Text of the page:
FDA updates warnings for fluoroquinolone antibiotics on low blood sugar and risks of mental health adverse reactions.

The U.S. Food and Drug Administration today is requiring safety labeling changes for a class of antibiotics called fluoroquinolones to strengthen the warnings about the risks of mental health side effects and serious blood sugar disturbances, and make these warnings more consistent across the labeling for all fluoroquinolones taken by mouth or given by injection.

FDA-approved fluoroquinolones include levofloxacin (Levaquin), ciprofloxacin (Cipro), ciprofloxacin extended-release tablets, moxifloxacin (Avelox), ofloxacin, gemifloxacin (Factive) and delafloxacin (Baxdela).

There are more than 60 generic versions. The safety labeling changes the FDA is requiring today were based on a comprehensive review of the FDA’s adverse event reports and case reports published in medical literature.

Across the fluoroquinolone antibiotic class, a range of mental health side effects are already described in the Warnings and Precautions section of the drug labeling, but differed by individual drug.

The new class-wide labeling changes will require that the mental health side effects be listed separately from other central nervous system side effects and be consistent across the labeling of the fluoroquinolone class. The mental health side effects to be included in the labeling across all the fluoroquinolones are disturbances in attention, disorientation, agitation, nervousness, memory impairment and delirium.

Additionally, the recent FDA review found instances of hypoglycemic coma where users of fluoroquinolones experienced hypoglycemia.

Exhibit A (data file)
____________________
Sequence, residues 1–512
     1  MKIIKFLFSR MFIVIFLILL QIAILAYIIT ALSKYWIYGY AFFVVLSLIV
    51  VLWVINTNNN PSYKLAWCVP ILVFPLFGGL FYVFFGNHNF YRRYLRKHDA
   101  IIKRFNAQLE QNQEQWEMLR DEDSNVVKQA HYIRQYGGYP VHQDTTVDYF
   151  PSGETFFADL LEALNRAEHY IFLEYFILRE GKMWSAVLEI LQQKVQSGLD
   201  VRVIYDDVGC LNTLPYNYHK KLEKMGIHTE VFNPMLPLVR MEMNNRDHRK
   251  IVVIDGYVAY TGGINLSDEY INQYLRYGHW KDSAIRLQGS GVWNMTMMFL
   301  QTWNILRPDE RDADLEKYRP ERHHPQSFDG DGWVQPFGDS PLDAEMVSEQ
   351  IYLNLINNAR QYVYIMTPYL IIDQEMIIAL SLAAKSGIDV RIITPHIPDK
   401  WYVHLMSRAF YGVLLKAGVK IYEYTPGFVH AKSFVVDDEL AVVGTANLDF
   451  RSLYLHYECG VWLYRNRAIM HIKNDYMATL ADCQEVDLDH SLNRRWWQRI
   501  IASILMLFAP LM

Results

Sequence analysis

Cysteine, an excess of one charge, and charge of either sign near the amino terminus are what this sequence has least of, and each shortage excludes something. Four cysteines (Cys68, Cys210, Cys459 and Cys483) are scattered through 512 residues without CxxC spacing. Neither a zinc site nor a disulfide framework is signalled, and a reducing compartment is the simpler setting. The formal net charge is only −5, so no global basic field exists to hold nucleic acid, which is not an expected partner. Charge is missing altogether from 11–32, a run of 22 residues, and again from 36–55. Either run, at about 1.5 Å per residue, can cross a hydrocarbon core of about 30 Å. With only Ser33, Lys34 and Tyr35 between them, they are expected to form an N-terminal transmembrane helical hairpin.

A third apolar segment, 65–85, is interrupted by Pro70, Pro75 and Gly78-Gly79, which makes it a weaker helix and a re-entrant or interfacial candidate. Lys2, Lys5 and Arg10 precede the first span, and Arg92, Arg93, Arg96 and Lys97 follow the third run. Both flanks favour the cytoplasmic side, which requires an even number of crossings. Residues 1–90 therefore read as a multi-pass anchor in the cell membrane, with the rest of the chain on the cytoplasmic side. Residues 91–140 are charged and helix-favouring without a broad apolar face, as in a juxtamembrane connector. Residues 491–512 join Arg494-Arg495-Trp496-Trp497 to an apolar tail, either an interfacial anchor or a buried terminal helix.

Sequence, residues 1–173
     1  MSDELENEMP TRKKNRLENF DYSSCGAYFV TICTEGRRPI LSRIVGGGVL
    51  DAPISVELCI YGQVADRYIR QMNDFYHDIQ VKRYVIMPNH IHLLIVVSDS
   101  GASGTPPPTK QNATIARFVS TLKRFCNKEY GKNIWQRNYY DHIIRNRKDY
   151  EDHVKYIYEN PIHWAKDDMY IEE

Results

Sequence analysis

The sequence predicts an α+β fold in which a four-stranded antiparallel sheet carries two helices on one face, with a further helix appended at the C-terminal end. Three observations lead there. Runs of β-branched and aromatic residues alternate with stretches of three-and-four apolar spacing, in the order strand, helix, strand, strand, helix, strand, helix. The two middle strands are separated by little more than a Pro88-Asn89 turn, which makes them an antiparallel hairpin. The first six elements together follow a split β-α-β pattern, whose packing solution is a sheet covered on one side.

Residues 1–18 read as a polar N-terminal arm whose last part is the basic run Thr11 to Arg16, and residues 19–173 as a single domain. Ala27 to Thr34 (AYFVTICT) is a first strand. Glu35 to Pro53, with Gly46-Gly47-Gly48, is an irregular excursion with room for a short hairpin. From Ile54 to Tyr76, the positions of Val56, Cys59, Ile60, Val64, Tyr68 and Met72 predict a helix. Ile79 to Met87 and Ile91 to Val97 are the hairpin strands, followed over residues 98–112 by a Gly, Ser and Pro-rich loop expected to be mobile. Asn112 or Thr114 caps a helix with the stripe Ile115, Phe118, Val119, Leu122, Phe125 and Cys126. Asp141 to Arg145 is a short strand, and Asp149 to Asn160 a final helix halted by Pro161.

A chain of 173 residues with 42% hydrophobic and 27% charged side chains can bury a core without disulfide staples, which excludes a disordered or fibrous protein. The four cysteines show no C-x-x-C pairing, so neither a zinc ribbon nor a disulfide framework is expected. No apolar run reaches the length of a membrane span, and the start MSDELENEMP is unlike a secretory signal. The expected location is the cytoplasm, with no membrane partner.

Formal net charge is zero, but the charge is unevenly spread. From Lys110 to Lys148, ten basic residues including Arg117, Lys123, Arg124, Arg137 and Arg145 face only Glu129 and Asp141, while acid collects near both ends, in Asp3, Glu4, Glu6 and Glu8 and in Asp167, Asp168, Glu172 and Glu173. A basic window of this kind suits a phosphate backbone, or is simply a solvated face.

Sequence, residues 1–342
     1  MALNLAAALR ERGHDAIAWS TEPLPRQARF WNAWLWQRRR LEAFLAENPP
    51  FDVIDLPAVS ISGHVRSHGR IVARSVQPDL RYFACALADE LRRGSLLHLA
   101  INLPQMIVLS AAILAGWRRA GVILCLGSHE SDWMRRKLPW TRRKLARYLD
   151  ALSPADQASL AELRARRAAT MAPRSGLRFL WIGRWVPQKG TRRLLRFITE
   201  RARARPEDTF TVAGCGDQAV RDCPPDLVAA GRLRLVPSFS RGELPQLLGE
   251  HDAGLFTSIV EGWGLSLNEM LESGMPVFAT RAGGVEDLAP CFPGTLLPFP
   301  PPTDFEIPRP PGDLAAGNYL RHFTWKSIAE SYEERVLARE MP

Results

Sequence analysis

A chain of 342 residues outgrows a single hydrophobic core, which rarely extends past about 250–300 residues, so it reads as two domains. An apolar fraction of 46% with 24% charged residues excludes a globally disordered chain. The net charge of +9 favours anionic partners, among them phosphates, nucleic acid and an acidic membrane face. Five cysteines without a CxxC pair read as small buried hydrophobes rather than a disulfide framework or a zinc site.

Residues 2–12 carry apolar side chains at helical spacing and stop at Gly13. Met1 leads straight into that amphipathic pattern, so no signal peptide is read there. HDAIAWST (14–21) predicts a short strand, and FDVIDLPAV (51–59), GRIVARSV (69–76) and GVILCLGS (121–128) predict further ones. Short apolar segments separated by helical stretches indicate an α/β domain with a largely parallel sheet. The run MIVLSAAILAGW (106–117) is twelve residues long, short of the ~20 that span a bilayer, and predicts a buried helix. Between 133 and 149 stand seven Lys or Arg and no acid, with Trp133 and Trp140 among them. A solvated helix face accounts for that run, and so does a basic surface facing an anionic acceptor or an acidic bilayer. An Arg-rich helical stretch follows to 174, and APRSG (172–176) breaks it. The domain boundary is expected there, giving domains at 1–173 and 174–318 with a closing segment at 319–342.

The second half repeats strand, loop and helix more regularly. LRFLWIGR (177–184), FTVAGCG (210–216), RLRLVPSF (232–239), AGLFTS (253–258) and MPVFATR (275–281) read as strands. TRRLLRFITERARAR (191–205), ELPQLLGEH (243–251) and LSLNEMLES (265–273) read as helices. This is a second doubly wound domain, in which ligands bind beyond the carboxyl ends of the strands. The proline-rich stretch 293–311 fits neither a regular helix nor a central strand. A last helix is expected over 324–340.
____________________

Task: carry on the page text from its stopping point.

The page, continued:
As a result, the Blood Glucose Disturbances subsection of the labeling for all systemic fluoroquinolones will now be required to explicitly reflect the potential risk of coma with hypoglycemia.

Today, the FDA also published a drug safety communication about safety information regarding hypoglycemic coma and mental health side effects with fluoroquinolones.

The FDA first added a Boxed Warning to fluoroquinolones in July 2008 for the increased risk of tendinitis and tendon rupture. In February 2011, the risk of worsening symptoms for those with myasthenia gravis was added to the Boxed Warning. In August 2013, the agency required updates to the labeling to describe the potential for irreversible peripheral neuropathy (serious nerve damage).

In 2016, the FDA enhanced warnings about the association of fluoroquinolones with disabling and potentially permanent side effects involving tendons, muscles, joints, nerves and the central nervous system.

Because the risk of these serious side effects generally outweighs the benefits for patients with acute bacterial sinusitis, acute bacterial exacerbation of chronic bronchitis and uncomplicated urinary tract infections, the FDA determined that fluoroquinolones should be reserved for use in patients with these conditions who have no alternative treatment options.

The patient Medication Guide that is required to be given to the patient with each fluoroquinolone prescription describes the safety issues associated with these medicines.

What Patients should do?

Patients should tell your health care professionals if you are taking a diabetes medicine when your health care professional is considering prescribing an antibiotic, and also if you have low blood sugar or symptoms of it while taking a fluoroquinolone. For patients with diabetes, your health care professional may ask you to check your blood sugar more often while taking a fluoroquinolone. Early signs and symptoms of low blood sugar include:

  • Confusion
  • Dizziness
  • Feeling shaky
  • Unusual hunger
  • Headaches
  • Irritability
  • Pounding heart or very fast pulse
  • Pale skin
  • Sweating
  • Trembling
  • Weakness
  • Unusual anxiety

Discuss with your health care professional how to treat yourself if you suspect low blood sugar. Symptoms of low blood sugar can progress and become life-threatening, so seek help immediately by calling 911 or going to an emergency room if you experience more serious symptoms, including confusion, inability to complete routine tasks, blurred vision, seizures, or loss of consciousness. Patients should also tell your health care professional immediately if you notice any changes in your mood, behavior, or thinking. Read the patient Medication Guide you receive with your fluoroquinolone antibiotic prescription, which explains the benefits and risks of the medicine.